Gravity Chase review

Almost by default, futuristic racers are lustrous things. For this, we can thank a combination of exhilarating speeds, curvaceous and desirable vehicles, rollercoaster-style courses, and speaker warbling soundtracks. It’s no surprise that numerous consoles launched with a futuristic racer – they’re ideal showpieces.

Repixel8’s Gravity Chase ticks most of those boxes. Vehicles get up to top speed quickly while handling is appropriately arcade-like, the bespoke trance soundtrack is worth turning the volume up for, and despite the racers competing in converted service and transport vehicles – a neat backstory expanding touch – the majority are suitably sleek.

Races take place both in and astride boost pad-laden twisty tunnels, with gravity physics playing a part should you dare to travel along walls and ceilings. There are no full GPs to play through – just singular races, each with a trio of race types (arcade, combat, and elimination) which last a few minutes each.

Gravity Chase Xbox screenshot

Winning races bestows XP, which in turn unlocks more tracks. The track selection screen shows which race types per track you’re yet beat, which helps with the sense of progression. The same goes for the ability to upgrade craft, with most hitting their maximum capabilities quickly.

Despite Gravity Chase being a quasi-sequel to 2019’s Velocity G, it has a few odd omissions. Highly notable is the lack of a mini-map. This means when you’re in 2nd place, it’s often unclear whether you’re tantalisingly close to overtaking the race leader, or if they’re so far ahead you’ve no chance. Neither is it clear how far away you are from the pack when trailing behind in 8th place. This wouldn’t be much of a problem if the visibility of other racers was clear, but they’re usually lost amongst the glowing boost pads, neon light strips, and other trackside detailing.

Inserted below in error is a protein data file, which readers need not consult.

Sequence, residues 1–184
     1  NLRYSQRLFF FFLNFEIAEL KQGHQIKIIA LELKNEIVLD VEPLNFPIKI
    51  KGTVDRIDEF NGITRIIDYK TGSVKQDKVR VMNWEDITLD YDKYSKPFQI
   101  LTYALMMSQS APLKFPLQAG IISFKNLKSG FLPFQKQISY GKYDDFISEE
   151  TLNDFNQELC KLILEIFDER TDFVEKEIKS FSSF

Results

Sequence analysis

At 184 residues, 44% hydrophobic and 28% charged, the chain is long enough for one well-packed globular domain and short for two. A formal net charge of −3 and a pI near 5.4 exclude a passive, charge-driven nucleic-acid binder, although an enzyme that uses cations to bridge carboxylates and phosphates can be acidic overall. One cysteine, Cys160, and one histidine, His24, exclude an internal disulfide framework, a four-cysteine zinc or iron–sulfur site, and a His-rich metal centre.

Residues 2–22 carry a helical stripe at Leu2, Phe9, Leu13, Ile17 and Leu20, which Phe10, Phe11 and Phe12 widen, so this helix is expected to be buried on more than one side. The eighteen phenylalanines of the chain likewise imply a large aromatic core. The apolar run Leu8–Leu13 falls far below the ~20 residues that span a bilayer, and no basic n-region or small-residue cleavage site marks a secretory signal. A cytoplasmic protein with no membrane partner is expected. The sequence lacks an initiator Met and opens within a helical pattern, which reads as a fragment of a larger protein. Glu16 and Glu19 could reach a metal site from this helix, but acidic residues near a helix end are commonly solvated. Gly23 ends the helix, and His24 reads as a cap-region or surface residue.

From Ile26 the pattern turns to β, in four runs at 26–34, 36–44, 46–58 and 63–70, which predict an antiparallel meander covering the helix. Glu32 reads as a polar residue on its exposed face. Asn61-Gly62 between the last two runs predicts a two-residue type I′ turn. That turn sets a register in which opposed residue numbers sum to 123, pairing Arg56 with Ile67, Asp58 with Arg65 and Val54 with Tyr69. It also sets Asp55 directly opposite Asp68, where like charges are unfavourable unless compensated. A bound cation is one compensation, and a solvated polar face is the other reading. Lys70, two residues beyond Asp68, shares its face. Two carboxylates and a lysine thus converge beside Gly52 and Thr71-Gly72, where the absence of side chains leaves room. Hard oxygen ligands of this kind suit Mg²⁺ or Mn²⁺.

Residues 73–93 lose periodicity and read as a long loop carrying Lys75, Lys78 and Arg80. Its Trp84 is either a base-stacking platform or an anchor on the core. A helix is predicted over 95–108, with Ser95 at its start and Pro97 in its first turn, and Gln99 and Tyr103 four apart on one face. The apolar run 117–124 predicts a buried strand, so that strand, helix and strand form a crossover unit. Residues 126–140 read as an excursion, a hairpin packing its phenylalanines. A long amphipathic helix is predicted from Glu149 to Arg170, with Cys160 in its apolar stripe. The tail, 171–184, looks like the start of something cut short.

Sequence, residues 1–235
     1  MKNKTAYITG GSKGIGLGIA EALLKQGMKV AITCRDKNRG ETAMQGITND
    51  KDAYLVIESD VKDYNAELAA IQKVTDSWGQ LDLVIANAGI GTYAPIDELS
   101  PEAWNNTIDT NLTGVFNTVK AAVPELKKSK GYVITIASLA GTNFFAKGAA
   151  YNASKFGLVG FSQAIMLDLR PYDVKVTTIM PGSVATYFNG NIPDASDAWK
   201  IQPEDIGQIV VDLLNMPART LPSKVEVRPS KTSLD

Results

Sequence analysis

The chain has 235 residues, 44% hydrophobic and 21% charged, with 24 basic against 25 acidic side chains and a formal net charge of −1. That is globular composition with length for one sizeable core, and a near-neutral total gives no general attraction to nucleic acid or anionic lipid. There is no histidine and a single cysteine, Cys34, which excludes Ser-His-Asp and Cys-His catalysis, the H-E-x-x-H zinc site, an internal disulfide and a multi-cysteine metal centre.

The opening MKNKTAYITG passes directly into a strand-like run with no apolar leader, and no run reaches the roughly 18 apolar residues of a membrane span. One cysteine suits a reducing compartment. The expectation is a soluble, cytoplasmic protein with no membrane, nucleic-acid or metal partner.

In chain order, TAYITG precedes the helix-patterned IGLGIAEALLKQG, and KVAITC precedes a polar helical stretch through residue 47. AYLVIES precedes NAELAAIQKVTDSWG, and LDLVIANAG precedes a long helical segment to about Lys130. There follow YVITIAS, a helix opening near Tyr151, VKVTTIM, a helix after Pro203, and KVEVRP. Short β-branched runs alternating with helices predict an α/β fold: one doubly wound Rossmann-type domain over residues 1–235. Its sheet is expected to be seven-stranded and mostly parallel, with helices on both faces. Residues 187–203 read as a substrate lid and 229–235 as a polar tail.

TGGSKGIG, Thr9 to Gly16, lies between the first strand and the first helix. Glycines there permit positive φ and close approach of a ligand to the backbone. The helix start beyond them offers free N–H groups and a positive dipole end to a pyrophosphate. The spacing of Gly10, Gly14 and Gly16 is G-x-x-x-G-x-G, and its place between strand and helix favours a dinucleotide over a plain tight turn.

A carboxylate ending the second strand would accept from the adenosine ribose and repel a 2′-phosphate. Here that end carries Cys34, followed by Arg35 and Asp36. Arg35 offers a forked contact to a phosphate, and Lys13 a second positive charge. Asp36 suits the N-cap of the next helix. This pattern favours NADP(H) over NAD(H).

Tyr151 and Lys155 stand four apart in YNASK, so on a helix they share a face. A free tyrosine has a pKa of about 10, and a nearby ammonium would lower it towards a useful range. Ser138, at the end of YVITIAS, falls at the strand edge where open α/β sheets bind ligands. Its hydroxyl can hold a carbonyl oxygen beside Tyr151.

Combat races are a little lacking too. If you’re expecting a tactical assortment of WipEout-style weaponry, then you’re in for a disappointment – vehicles are merely equipped with a homing shot, ammo for which must be collected prior. That’s to say, there’s a single weapon type that doesn’t take long to master. Considering combat races only make for a small part of the experience, this isn’t too damaging overall though, and it can be satisfying to take down several rivals during a single race.

Gravity Chase Xbox screenshot

Elimination matches are the most challenging, and eventful, of the three race types – when racing on smaller tracks, the vanilla arcade mode can feel considerably light and low on thrills, with races over before the pack has even had a chance to spread out.

While it doesn’t have enough features to rival the likes of Wipeout Omega Collection and Pacer, at £9.99 it’s still a serviceable enough budget option. It’s easy to pick up and master – with the easier difficulty setting keeping frustration levels low – and the rate at which new tracks unlock means usually after 2-3 races there’s something new to tackle. Split-screen play is a welcome addition too, even if the fun it provides is all too fleeting.

Gravity Chase is out 21st January on Xbox One, Xbox Series, and PC.


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